For K & 1st grade, though, standards exist (stay tuned for updates from AASL in November).  How to teach them in a meaningful way that meets the developmental needs of the 5 and 6 year old learners?  Some use the state book award nominees to guide lessons, which may work for you. Years ago, though, I tried something different: author studies.

An author study is exactly that: a chance to study an author (or illustrator) for a period of time, usually 3-4 weeks.  It gives a chance to make connections between books and characters while giving a sense of predictability to a library class: students know that when they come in, they’ll either be continuing an author unit from a previous week or starting a new unit.

There are many authors and illustrators that work well for the K/1 crowd.  In my experience, choosing those who represent a diverse background and whose books I find appealing work best.  Jon Klassen, Candace Fleming, Keiko Kasza, Mac Barnett, Lauren Castillo, Christian Robinson, Arthur Howard, Audrey Wood, Peter Brown, Brian Won, Laura Vaccaro Seeger, Ezra Jack Keats, Deborah Freedman, and Anna Kang are some of my favorites.

Perhaps notably missing on that list is Mo Willems.  As many students are familiar with his famous characters, having a “The Mo You DON’T Know” unit  (with titles like Hooray for Amanda and Her Alligator and Leonardo, the Terrible Monster) can been successful.

As technologies have changed, so are the opportunities to connect with real, live authors over Skype and Google Hangouts. The virtual sessions are perfect for the shorter attention-spans of the K crowd and those with limited budgets: many authors are willing to Skype for free if the time is 10-20min. As a goal, find one author who is willing to Skype during your year.

How to build in research is one question that often crops up.  One possible answer: choose the final book in the study to springboard into research.  Perhaps, after reading Mr. Tiger Goes Wild, the students research tigers or another wild animal.  Or after reading Mr. Putter and Tabby Catch the Cold, the K’s research how to stay healthy.

There are other K units of study that aren’t author studies, notably Folktales Around the World (a 6 week study) and Out of this World Research with Kindergarteners (a 3-4 week unit connected to classroom science).  The important part: they’re all units.  Almost every library lesson is part of a unit.  When there is a flow, students know what to expect when they come into the library and are better prepared for a successful experience.  This is why the daily schedule is always posted, regardless of the grade level.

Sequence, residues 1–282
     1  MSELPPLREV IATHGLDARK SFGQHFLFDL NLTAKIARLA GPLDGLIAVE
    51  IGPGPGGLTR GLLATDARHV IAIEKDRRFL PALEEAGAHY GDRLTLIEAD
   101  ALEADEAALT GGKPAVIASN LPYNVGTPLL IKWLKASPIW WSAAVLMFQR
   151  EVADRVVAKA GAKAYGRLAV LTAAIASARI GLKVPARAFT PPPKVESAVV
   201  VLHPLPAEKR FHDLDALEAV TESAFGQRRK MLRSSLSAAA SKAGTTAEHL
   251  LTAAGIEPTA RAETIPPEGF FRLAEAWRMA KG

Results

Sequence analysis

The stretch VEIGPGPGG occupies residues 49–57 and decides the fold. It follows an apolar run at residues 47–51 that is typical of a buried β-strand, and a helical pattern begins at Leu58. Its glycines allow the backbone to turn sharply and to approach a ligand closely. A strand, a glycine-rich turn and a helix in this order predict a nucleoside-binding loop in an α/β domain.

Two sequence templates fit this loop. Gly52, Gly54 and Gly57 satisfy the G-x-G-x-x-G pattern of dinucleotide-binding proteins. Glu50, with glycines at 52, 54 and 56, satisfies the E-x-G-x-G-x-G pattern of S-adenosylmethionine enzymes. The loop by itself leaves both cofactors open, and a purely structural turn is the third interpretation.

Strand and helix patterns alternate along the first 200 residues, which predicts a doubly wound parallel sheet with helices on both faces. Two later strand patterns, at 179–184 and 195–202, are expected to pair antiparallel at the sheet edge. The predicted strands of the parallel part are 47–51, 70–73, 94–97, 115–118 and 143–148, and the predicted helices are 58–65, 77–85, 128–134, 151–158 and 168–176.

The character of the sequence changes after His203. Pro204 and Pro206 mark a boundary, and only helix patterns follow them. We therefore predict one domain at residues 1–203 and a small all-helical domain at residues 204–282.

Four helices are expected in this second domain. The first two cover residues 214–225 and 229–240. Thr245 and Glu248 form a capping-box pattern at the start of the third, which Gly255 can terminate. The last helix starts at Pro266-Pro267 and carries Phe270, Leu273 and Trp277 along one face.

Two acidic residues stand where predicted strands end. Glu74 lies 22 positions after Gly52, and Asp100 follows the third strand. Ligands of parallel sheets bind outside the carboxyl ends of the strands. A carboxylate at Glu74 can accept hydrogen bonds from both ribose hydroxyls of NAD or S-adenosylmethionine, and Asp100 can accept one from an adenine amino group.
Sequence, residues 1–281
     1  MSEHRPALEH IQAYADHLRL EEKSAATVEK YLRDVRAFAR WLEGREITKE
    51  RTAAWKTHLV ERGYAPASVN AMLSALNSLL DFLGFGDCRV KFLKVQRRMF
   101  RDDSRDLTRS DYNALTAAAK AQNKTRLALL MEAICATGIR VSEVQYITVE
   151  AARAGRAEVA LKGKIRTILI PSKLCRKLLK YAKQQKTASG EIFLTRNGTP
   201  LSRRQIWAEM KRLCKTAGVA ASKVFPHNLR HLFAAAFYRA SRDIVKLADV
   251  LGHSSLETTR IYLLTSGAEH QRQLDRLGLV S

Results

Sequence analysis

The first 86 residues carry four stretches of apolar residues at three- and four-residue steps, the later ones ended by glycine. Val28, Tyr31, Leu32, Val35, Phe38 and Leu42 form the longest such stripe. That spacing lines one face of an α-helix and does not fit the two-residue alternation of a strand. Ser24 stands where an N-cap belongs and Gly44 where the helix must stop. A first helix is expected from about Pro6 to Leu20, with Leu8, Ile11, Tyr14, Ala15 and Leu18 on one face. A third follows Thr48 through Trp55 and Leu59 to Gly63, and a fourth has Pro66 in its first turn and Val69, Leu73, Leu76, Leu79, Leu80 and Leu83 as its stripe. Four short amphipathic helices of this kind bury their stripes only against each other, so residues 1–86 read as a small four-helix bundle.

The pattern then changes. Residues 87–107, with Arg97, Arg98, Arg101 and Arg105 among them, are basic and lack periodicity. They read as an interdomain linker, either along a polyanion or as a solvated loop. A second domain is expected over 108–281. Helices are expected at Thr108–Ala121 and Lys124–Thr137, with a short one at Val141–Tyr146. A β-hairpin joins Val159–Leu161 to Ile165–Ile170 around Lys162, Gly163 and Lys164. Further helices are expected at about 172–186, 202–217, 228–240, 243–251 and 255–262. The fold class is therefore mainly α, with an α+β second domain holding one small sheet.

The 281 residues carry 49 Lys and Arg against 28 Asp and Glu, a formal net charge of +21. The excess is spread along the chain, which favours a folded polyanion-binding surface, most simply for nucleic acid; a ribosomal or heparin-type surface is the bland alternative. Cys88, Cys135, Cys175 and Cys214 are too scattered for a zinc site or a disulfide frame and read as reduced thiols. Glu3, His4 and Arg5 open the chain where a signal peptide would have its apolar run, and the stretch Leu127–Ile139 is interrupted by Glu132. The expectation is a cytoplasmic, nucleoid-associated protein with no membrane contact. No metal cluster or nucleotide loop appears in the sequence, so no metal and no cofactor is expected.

Cheers, y’all!  –arika

Rhyme Time: a how-to

A dozen or so years ago, faced with teaching Kindergarten for the first time ever, I was at a complete loss.  What to do with 5 year olds in a school library for 40 minutes?  What would benefit their development as readers?  What would be developmentally appropriate?

Thinking and brainstorming about how to structure the class led me to two ideas.  One: use author studies to structure our reading time.  Two: use nursery rhymes to build pre-reading skills.

Best. Ideas. Ever.

Nursery rhymes are well-known as one way to build reading readiness.  Chanting rhymes as a group, discovering words that sound the same, brainstorming other words that have the same sounds is a powerful tool toward building readers.  By displaying the printed rhyme and modeling the left-to-right, top-to-bottom patterns of reading, children get pre-reading skills without a formal “lesson”.  And this can be included as part of the elementary library program.

With the beginning of the year as a time to teach expectations and basic behaviors (where to sit, how to check out, where to sit after checking out, etc), Rhyme Time is usually begun in week 4/5/6 of the school year.  By this point of the year, children (mostly) know how to come into the library, sit down, and be ready for the lesson.

Back in my public librarian days, I created a flip chart with handwritten nursery rhymes, including both well-known and more esoteric offerings, as part of infant Lapsit and Toddler Time.  It’s this same chart that I’ve used ever since. To begin, I model “rhyme time fingers” (like spirit fingers).  These wiggling fingers serve two purposes: they let kids move, and they show which children are ready.  Counting aloud, patting the beat on my legs, I model chanting the rhyme by myself.  On a second run-through, students join in.